The Last Shall Be First and the First Shall Be Last

The Fluxus Olympiad took place over the late May bank holiday weekend at the Tate Modern and one of the highlights was a Slow Bicycle Race in which a handful of Bike Show presenters, contributors and listeners raced to see who was the slowest.

In the 1970’s, Fluxus artists created games that subverted the seriousness of high art and encouraged participants to celebrate everyday occurrences rather than static art objects. Created in 1961 by the artist George Maciunas, the term Fluxus was originally intended as the title of a magazine that would document new art. Fluxus, a word chosen by Maciunas for its connotation of change, became a loose association of artists, some of whom were making work that the original Fluxus publication meant to document. Fluxus drew upon a combination of sources that included Dada, Duchamp’s readymades, Surrealism, Futurism, Spike Jones, and the music of John Cage to counter the belief that the experience of art was superior to that of life.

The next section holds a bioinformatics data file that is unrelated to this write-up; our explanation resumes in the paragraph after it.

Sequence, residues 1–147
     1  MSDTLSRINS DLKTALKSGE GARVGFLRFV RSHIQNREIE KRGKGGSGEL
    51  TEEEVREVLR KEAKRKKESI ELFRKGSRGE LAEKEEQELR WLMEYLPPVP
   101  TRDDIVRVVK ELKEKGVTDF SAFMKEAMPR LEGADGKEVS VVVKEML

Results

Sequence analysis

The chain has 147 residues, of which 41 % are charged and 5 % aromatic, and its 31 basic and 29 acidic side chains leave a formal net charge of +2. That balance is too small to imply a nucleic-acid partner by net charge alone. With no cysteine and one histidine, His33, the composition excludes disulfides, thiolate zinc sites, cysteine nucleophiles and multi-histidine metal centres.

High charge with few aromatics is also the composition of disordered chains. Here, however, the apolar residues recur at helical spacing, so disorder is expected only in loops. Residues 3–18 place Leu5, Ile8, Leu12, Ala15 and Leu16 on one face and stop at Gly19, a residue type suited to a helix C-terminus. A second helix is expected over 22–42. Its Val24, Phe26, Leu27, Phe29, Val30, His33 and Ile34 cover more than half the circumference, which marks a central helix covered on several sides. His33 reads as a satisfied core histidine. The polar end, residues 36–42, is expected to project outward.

Games became an important means for Fluxus artists to disseminate and explore their ideas about art. Because games lend themselves to humor, often require physical participation, and undermine the seriousness of art that certain Fluxus artists opposed, they were a perfect medium for Fluxus expression and experimentation.

The usual International Olympic Committee Rules on slow bicycle racing applied over the 50 metre course: stay in lane, no feet down, freewheels only and no track-stand funny business. View the action replay: